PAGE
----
Spokane Washington Chaplains Lose Crosses: A Lesson on the First Amendment

Or, How One Guy’s Hatred of God, Combined With His Inability to Read the Constitution, Cost Washington Taxpayers Money and Forced His Ignorant Views on Spokane Cops

Frankly, I considered posting this on Faith&Wonder, my religious blog.  After all, I think what I’m about to discuss here really has to do with one man’s fear of the Cross.  But that’s a little deeper than I want to get with this.  What I really want to talk about here is a proper understanding of the First Amendment.  Too many people don’t get it; and this is the latest in a string of events and suits that prove the point.

Ray Ideus, a volunteer with the Spokane, WA police department (an ex-pastor-turned-atheist, as it turns out) took the department to court because the crosses on the badges of the police chaplains offended him.  Assistant City Attorney “Rocky” Treppiedi filed countersuit because Ideus’ lawsuit was idiotic.  Okay, Treppiedi said it was “false and unfounded, malicious and without probable cause.”  Po-tay-to,  po-tah-to. 

But, then, Spokane caved, gave the guy what he wanted and agreed to drop their countersuit — and called it a “settlement.”

Actually, I have to hand it to Spokane.  The suit even being brought up wasted taxpayer money.  A protracted court battle would have wasted more taxpayer money.  But here’s the kicker: depending on the judge, and his/her understanding of the Constitution, they could have won.  Was a legal smackdown against a 75-year-old man worth the court fees the taxpayers would have put up?  Probably not.  On the other hand, on top of being hilariously satisfying, they might well have gotten this case all the way up the ladder.  And, if our current crop of Supreme Court Justices are feeling like correctly interpreting Constitutional law, this case could well have created a precedent on State’s Rights that actually takes an accurate view of the First Amendment (as opposed to the travesty that is Engel vs. Vitale).

People take the “Establishment Clause” of the First Amendment to mean a whole lot of things that, put simply, it doesn’t mean.  So, let’s take a quick look at it:
Congress shall make no law respecting an establishment of religion, or prohibiting the free exercise thereof…

Now, the second part is the part the ACLU doesn’t really like to talk about very often.  They like the first part a lot better — the “establishment clause.”  Interesting, in a group purporting to be interested in civil “liberty.”  But I digress.  The first part says, “Congress shall make no law.”  In the language of the Constitution, “Congress” refers specifically to federal legislators.  Not State government.  This is why the amendment was worded in this manner.  The Founding Fathers did not want another “Church of England” or official “Roman Catholic Church.”  They did not want a national religion, nor did they want any federal regulation of religious practice.  That’s it.  There is no “separation of church and state.”  It doesn’t exist.

Spokane, WA, in putting crosses on the badges of police chaplains does not violate the Establishment Clause.  Neither does school prayer.  Strictly speaking, if Utah wanted to make Mormonism the official State Religion, they are constitutionally allowed to do so.  Really.  They cannot prohibit somebody from practicing their own religion — “Life, Liberty and the Pursuit of Happiness” takes care of that.  But if they want their schools to teach the History of Mormonism, and have their cops sport Mormon symbolism, according to a constructionist reading of the Constitution, they have that right.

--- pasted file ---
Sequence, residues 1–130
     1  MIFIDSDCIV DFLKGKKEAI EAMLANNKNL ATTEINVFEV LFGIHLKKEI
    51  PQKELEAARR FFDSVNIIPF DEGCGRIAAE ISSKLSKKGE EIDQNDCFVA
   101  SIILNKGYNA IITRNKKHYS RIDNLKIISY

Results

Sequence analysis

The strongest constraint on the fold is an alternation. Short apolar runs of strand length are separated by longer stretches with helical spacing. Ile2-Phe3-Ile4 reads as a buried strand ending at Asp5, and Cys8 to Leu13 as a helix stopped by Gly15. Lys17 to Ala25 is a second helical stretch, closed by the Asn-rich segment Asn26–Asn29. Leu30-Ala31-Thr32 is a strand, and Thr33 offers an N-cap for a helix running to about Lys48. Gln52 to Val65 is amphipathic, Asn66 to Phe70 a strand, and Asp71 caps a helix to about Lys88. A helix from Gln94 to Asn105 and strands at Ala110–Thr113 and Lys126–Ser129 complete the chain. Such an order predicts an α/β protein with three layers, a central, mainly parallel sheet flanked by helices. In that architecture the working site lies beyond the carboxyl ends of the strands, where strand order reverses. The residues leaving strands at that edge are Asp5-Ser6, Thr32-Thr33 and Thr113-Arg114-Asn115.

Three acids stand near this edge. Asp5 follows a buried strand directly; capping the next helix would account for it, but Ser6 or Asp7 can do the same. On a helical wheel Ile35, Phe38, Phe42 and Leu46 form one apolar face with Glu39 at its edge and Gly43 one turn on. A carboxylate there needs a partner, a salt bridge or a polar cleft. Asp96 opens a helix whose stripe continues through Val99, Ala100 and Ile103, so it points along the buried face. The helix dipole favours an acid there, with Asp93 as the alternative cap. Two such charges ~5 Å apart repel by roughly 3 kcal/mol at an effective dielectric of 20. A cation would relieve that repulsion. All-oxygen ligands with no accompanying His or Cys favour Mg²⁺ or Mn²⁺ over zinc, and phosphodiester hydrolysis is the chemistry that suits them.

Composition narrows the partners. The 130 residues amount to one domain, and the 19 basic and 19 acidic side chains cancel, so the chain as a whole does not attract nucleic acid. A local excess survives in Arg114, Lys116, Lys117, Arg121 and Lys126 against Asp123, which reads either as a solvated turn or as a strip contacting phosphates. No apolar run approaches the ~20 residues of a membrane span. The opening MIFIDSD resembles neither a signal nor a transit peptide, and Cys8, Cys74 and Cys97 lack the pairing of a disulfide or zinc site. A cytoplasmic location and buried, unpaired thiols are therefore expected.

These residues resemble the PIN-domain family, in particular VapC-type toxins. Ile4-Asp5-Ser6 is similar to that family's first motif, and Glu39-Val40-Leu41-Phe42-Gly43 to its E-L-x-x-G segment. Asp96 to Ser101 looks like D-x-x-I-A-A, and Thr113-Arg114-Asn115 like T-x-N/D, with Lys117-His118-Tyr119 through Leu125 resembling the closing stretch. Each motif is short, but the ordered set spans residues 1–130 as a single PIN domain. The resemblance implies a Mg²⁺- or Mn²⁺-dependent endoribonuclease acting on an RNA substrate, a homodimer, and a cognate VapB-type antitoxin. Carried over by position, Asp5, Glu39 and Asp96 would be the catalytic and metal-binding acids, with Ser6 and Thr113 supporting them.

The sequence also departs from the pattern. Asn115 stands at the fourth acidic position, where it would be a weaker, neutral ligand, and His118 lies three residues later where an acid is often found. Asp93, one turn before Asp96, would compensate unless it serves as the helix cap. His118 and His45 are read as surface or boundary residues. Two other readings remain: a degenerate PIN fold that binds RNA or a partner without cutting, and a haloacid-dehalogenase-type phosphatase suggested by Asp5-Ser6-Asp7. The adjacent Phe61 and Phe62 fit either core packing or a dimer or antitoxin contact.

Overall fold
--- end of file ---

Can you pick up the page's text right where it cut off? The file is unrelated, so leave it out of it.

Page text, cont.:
But here’s the wider view — the real reason this story caught my attention: Federal Armed Forces chaplains sporting Christian imagery also does not violate the establishment clause.  The establishment clause does not prohibit government from practicing religion, nor from allowing religion, even among official government actors.  The establishment clause prohibits these chaplains, or any member of the United States Government, from declaring or enforcing, implicitly or explicitly an “official religion.”  This doesn’t mean the government is disallowed from providing Christian chaplains — or chaplains of any other religion.

The Supreme Court in 1962 disagreed with this reading of the Constitution.  And they were wrong.  I’m looking forward to a similar case coming before a Supreme Court who reads the Constitution, instead of reinterpreting to fit personal political ideology.  I understand and applaud the decision of Spokane, WA, to save taxpayer money in not pursuing this.  Perhaps it’s not yet the right time.  But maybe, if we can get a President who will select constructionist judges instead of bench legislators, the right time will come soon.  And maybe, emboldened by the “success” of Ray Ideus, somebody else will bring suit.  And maybe, hopefully, the defendent in that case will find it both necessary and worthwhile to bring it all the way the highest court.



2 Responses to “Spokane Washington Chaplains Lose Crosses: A Lesson on the First Amendment”

  1. Good thoughts, I’ve posted on the 1st amendment before myself, Not alot of people understand it, or the intentions of its authors. My guess would be 3/4 of Americans would argue with you that it says there is to be a seperation of church and state

  2. You state this arguement so well that I’m going to post a link to this on my website at http://www.pinnaclecascade.com

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